This impressive new volume is the work of Carla Barringer Rabinowitz.
ROYALSTON, Mass. — Borderers: Becoming Americans on the Southern Frontier is the title and subtitle of an impressive new book written by Carla Barringer Rabinowitz, a friend and neighbor here in rural Massachusetts.
When I first saw this 493-page tome, I wondered if borderers is a real word, or a word she invented. Of course, I looked it up, and here’s what the dictionary says: “a person who lives in a border area, especially the border between England and Scotland.”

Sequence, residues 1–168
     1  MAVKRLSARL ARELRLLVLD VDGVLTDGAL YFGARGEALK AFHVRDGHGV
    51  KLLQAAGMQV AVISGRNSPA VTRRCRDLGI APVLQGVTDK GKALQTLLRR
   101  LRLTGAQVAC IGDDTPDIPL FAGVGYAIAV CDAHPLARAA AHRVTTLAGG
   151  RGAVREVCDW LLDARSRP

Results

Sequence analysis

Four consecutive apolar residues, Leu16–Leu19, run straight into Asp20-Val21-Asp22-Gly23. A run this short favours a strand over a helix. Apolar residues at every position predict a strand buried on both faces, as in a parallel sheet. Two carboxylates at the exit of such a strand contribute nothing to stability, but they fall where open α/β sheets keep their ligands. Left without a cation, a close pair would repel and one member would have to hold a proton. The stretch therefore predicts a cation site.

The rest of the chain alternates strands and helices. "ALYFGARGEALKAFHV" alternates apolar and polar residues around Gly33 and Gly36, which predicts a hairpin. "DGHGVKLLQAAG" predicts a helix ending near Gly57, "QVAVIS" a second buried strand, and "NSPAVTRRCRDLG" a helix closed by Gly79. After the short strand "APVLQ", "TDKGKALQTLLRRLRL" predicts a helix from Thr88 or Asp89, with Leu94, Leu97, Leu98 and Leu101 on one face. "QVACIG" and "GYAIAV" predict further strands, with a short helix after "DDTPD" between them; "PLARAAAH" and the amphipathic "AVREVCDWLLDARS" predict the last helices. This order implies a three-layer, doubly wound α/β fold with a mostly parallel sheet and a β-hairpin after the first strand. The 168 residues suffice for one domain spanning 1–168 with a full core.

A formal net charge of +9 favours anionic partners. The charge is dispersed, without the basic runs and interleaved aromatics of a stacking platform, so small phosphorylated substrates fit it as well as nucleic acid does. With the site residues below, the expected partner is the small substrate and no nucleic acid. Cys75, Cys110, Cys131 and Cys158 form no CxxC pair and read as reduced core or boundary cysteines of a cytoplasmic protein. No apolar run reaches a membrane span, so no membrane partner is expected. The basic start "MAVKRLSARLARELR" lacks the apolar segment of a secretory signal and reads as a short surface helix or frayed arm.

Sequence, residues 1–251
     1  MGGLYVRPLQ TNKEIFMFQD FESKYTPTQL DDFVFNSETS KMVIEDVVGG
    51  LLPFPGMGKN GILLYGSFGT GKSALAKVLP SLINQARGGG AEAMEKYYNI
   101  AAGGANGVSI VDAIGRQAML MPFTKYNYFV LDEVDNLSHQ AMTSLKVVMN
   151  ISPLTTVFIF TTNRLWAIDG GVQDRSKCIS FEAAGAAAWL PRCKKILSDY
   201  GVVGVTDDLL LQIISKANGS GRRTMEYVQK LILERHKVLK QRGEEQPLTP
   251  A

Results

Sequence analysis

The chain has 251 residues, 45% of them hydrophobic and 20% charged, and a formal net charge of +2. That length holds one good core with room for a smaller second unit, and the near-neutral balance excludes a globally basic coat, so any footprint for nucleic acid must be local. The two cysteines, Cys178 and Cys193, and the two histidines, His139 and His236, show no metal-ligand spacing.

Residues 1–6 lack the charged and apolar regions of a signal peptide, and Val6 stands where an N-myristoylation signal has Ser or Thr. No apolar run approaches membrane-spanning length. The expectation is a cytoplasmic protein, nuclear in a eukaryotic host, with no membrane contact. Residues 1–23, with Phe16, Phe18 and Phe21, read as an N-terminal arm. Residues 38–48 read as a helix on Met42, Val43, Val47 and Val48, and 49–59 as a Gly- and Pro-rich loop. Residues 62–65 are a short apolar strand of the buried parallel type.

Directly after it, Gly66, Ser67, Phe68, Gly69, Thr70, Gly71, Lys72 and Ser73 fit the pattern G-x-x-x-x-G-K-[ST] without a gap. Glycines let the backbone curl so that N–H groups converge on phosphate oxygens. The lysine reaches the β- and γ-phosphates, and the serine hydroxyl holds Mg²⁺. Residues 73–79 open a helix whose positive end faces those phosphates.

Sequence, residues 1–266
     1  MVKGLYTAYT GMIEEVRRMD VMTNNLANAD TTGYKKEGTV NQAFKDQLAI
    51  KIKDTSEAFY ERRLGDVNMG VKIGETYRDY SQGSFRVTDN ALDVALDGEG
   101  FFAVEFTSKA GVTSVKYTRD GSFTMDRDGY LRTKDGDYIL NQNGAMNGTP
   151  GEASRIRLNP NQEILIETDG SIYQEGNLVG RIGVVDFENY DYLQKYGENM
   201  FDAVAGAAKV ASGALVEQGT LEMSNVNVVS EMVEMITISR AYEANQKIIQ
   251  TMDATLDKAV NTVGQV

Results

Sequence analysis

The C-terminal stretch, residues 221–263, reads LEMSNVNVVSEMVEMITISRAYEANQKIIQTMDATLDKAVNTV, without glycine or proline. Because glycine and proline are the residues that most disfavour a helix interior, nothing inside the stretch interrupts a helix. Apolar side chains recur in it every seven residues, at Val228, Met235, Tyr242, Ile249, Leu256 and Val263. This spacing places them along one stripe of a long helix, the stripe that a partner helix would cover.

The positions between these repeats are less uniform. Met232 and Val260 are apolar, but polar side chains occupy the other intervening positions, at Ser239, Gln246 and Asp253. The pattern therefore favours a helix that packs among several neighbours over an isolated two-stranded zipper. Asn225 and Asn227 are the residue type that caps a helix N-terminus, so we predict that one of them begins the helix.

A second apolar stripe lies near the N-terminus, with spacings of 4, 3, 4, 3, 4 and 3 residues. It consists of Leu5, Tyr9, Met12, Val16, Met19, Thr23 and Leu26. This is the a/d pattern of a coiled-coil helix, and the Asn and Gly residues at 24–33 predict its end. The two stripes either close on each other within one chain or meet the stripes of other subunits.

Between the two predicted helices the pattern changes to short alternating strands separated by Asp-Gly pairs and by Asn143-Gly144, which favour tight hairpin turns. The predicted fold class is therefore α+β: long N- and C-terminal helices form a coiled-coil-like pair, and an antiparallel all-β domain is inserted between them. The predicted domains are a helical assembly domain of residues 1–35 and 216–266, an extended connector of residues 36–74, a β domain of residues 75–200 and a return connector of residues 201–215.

Fair enough; it’s a real word. For now, however, forget about England and Scotland. Carla defines borderers as the “the first permanent settlers in an area newly opened to Europeans,” and she goes on to muse about the variety of social and cultural borders that they also occupied between the north and south of the United States.
We read in this book about people and events in parts of Virginia, North Carolina, Tennessee, Missouri, and Arkansas. These are the places where Carla dug up facts about some of her ancestors, including her great-great-grandfather, Thomas Drew, who became governor of Arkansas and later served as a regional Superintendent of Indian Affairs.